I don't think (school-based, formal) education is great worldwide, mind you. One only needs to read Brock-Utne & Skattum´s Languages and Education in Africa (eds.) to understand some of the excesses that exist (children being taught by teachers in a language which neither they nor the teacher speak, for example), often due to the colonial legacy. There is the issue of register development as well. I do think, however, that rising literacy across the world has (had) much to do with schooling; I also believe there is some evidence that the role a school can play goes beyond learning, especially in contexts of instability.
Finally, I do recommend you read the book.
In reply to an earlier post on 16 Jun 2012 04:53:12 BDT
Last edited by the author on 16 Jun 2012 04:54:35 BDT
Dear CD Berry,
Apart from the fact that qualifications like narrow-minded and extremely bad form sound a bit harsh, why would it not be legitimate to `mark down' a book because of its conclusions? If it isn't, then which criteria are OK? Style, structure, size of the font? And who decides these things?
Besides, it is not just the conclusions I have a quibble with, it is also the lack of nuance. Having said that, I do think there are things of interest in Illich' critique.
In reply to an earlier post on 19 Jun 2012 15:35:03 BDT
Last edited by the author on 19 Jun 2012 15:37:24 BDT
You are right, I was a bit aggressive... perhaps because I was protecting the other guy, but mainly because I feel very strongly about this topic. I apologise for how it seemed, I did not mean to offend you. Just by the by, aggression in debate is not to do with education. You will find that many highly educated, intelligent, rational people are aggressive, and some are downright rude and offensive. Newton was allegedly a nasty piece of work. I am certainly not condoning this sort of behaviour, but it is something to think about.
You are right that my choice of expression, namely the one involving "sincerity" was poor. But that does not make the point less valid, simply because I wrote a bad sentence. If you read the rest of my argument, that part may be deleted without affecting it. Most importantly, you have not argued your point, rather you have simply disagreed with mine. You need to put forward solid, "concrete" points in order to disagree with my proposition that schooling is removed from education. You have not put forward ANY points to expand your argument, rather you have simply used esoteric examples that seem rather pointless.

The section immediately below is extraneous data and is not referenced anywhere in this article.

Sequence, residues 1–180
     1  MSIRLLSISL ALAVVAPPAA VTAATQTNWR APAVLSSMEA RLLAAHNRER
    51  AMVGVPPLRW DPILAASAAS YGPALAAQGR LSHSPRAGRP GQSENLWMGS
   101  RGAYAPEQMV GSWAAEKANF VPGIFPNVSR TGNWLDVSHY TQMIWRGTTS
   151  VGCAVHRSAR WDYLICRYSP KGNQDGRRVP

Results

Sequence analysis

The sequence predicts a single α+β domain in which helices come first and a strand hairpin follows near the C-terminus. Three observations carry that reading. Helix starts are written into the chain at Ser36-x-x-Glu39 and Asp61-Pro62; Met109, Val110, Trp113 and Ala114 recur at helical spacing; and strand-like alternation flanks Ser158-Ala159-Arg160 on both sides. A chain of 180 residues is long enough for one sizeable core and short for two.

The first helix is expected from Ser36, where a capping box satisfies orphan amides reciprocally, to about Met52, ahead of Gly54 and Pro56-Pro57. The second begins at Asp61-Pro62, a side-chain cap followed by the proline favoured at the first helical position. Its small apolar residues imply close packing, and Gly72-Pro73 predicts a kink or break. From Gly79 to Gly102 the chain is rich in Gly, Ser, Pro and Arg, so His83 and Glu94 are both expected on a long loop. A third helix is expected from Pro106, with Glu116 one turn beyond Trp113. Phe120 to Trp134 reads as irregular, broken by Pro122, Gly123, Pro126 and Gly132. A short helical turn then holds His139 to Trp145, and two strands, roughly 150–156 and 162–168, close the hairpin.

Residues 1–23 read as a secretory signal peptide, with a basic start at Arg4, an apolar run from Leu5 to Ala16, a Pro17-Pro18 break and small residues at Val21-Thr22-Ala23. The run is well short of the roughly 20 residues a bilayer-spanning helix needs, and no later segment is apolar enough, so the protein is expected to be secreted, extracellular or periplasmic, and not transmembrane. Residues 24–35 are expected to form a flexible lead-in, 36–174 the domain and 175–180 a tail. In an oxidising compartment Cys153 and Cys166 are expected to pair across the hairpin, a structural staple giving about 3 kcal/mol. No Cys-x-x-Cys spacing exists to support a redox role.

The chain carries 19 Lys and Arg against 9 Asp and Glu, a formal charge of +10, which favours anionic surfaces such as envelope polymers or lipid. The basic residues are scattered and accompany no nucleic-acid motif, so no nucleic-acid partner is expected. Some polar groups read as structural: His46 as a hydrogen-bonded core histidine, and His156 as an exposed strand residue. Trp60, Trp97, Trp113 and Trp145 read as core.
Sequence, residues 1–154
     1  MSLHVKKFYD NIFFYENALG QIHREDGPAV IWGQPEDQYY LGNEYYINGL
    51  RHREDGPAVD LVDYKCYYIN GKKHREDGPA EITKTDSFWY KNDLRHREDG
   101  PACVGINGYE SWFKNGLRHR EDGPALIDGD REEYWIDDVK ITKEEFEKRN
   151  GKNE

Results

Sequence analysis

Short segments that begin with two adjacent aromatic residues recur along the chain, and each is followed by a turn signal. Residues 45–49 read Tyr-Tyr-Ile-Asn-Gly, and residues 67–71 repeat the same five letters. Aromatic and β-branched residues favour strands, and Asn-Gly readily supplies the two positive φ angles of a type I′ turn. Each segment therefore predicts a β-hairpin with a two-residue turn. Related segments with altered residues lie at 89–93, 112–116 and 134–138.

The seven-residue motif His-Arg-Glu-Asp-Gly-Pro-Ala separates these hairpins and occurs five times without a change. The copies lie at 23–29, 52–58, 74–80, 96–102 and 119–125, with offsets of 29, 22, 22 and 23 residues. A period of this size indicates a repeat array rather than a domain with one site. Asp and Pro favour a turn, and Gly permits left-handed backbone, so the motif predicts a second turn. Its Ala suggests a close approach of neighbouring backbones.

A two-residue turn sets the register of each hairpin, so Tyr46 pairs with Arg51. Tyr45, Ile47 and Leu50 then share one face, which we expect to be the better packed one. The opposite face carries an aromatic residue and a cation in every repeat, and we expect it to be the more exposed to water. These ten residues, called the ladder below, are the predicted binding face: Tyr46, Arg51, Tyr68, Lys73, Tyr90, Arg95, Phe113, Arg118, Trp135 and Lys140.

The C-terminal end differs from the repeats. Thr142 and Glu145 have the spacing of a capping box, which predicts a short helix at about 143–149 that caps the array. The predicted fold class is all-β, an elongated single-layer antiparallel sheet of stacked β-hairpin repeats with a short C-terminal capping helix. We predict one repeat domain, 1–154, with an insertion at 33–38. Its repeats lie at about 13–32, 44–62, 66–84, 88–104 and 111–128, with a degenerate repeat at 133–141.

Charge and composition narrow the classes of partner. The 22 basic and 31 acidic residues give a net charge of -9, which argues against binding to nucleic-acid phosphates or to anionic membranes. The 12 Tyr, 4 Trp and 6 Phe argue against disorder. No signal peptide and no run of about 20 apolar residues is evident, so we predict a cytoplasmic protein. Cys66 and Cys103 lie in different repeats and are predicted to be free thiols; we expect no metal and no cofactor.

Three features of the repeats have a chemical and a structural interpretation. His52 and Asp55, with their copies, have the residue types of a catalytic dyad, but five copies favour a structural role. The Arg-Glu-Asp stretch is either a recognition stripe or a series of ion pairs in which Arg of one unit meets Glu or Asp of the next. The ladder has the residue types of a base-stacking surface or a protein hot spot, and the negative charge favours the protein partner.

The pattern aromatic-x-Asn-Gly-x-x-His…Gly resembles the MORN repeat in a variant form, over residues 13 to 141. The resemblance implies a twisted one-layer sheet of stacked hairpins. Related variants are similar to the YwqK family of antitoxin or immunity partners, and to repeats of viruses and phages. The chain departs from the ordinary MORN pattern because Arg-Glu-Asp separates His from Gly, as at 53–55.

Again, I do not mean to be rude or offensive, but please put forward your argument against the "interesting" points which I have made, and perhaps add some points of your own. Please start with points on familiar, fundamental aspects of school education, before getting on to more complex examples about countries with non-English native languages.
In reply to an earlier post on 23 Jun 2012 21:34:25 BDT
Last edited by the author on 23 Jun 2012 21:37:47 BDT
Dear Ajit (or Shushanto),
Thanks for your response. As to your note that being rude and education have nothing to do with each other, I think we have a misunderstanding here (I imagine you are not an education specialist): education, generally speaking, is not the same thing as (achievement of) learning outcomes, and learning outcomes are not, generally speaking, limited to the cognitive domain. What this implies is that saying that education is only about furthering cognitive abilities, is not correct: education is also about developing people's `affective' and `psychomotor' skills. In fact, according to Max Weber, before the rise of the bureaucracy, this was education's main goal, in many cultures across the world. For example, the `educated' British `gentlemen' and `ladies' -and elites across the world- are not just, or even mainly, well-educated because they know how to solve mathematical equations, but because they know how to behave appropriately in a range of circumstances. Therefore, someone can be very intelligent, and / or very cognitively able (which is not necessarily the same thing), but still not very educated.
But, as they say: it is never too late to learn.
As to your point that you wrote one `bad sentence', but that the rest of your argument still stands, I can't say I entirely agree: as I see it, you made a point (i.e. that schooling is far removed from education) that you do not really back up with any evidence, which is interesting, but as long as you do not develop a case, I see no need to develop a `counter-case'. And, as an aside, I do not think that you need to tell me what I do and do not `need' to do (and I do not mean this to sound unpleasant).
As to your asking for examples from English-speaking countries, of the 6 countries where I lived in the last 10 years, only one is English speaking, England itself. Wouldn't you agree the world is bigger than the Anglophone universe? Besides, as you haven't read the book, you wouldn't know, but Illich draws examples form a wide range of (non-English speaking) countries.